U.S. Secretary of State Condoleezza Rice has appealed to Turkey for restraint, both against Kurdish rebels in northern Iraq and in reaction to a genocide resolution approved this week by a U.S. congressional panel.
Rice, who is in Russia, told reporters Saturday that it is a difficult time for U.S.-Turkish relations. She said two senior U.S. diplomats are in Ankara for talks to reassure Turkey that the United States values the relationship.
The diplomats, U.S. Assistant Secretary of State Dan Fried and U.S. Undersecretary of Defense Eric Edelman, a former U.S. ambassador to Ankara, are expected to discuss Turkish plans for a military attack on Kurdish rebels across the border in Iraq. Washington opposes such plans.
Rice also said she spoke with Turkey's president, prime minister and foreign minister by phone Friday about the U.S. congressional resolution declaring mass killings of Armenians by Ottoman Turks as genocide.
The Bush administration strongly opposes the resolution, saying Ankara could restrict critical supply routes to U.S. troops in Iraq.
Ankara recalled its ambassador in Washington after the resolution passed the U.S. House Foreign Affairs Committee Wednesday. Turkish Prime Minister Recep Tayyip Erdogan and other officials say the measure will hurt bilateral relations.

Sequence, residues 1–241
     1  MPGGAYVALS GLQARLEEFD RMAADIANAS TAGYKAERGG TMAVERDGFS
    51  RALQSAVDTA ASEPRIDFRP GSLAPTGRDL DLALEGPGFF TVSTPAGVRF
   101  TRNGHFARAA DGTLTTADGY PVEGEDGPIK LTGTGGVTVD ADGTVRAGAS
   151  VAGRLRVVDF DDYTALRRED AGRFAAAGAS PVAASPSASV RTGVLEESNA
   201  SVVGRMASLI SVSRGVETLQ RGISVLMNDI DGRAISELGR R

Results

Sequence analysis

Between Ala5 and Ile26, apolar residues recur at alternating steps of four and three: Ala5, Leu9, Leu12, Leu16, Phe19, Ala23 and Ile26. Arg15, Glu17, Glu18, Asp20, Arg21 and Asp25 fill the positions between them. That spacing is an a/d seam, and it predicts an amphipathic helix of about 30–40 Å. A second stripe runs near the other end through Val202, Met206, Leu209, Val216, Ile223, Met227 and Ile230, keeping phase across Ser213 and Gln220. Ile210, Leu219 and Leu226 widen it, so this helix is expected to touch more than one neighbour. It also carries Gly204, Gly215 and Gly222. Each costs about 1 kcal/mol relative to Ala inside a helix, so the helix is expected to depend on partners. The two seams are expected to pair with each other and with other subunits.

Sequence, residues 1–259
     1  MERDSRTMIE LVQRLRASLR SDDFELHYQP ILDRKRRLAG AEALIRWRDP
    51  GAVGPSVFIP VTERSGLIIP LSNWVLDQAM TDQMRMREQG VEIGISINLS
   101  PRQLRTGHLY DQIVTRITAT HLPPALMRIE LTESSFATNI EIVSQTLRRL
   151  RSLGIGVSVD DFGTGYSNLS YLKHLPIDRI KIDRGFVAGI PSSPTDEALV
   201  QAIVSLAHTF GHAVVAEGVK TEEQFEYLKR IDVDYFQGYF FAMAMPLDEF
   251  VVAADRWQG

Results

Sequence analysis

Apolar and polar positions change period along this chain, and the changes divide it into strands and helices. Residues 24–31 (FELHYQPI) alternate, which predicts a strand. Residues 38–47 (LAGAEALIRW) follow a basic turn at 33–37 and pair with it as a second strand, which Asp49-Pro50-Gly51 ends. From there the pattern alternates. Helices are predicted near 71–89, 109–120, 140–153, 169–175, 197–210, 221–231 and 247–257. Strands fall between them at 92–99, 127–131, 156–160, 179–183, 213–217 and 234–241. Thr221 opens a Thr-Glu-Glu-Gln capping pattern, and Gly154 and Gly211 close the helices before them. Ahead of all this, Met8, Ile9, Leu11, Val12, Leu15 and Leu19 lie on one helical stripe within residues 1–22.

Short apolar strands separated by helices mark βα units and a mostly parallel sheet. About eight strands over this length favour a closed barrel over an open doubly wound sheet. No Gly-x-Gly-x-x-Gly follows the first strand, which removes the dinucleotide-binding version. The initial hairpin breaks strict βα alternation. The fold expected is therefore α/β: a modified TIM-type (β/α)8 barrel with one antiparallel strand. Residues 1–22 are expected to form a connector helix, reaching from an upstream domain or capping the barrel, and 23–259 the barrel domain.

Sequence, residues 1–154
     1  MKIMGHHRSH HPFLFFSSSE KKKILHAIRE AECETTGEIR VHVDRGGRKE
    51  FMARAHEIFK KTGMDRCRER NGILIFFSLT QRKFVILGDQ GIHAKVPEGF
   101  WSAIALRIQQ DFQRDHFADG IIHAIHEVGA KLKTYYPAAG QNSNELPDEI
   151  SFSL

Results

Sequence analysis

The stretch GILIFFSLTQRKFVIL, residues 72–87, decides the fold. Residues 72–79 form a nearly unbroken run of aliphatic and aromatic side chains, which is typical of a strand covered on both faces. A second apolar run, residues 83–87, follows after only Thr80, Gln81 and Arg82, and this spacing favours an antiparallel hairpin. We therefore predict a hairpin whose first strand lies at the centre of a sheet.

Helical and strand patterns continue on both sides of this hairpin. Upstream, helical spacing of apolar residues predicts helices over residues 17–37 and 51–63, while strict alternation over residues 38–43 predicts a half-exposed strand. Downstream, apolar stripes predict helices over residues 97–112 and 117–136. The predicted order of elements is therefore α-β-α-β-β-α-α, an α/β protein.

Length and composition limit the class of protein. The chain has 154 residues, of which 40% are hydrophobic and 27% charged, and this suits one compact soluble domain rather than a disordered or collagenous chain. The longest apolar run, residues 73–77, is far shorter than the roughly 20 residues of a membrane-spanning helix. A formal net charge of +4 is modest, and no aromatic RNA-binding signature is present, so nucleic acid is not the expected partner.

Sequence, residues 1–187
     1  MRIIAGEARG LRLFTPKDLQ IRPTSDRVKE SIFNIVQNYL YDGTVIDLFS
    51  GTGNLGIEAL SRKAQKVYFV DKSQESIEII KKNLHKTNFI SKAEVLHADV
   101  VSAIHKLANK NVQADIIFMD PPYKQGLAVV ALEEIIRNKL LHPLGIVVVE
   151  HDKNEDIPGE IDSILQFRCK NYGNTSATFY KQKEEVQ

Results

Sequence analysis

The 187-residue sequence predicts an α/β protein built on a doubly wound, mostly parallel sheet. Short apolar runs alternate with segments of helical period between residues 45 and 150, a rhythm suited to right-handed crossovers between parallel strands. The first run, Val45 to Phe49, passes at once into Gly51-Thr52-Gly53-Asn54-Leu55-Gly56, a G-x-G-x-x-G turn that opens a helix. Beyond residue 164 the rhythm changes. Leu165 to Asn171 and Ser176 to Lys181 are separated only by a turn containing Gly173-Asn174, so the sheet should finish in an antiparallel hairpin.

Earlier Saturday, Turkish media reported that a government minister has canceled a trip to the United States because of the resolution. State-run Anatolia said Trade Minister Kursad Tuzmen will not attend an upcoming U.S.-Turkish investment conference in New York.
Armenians accuse Ottoman Turks of massacring one-and-a-half million Armenians from 1915 to 1923 in systematic deportations and killings to drive them out of eastern Turkey. Turkey denies that genocide took place. It calls the death toll exaggerated and says the Armenians died in civil unrest during the collapse of the Ottoman Empire.
Some information for this report was provided by AFP, AP and Reuters.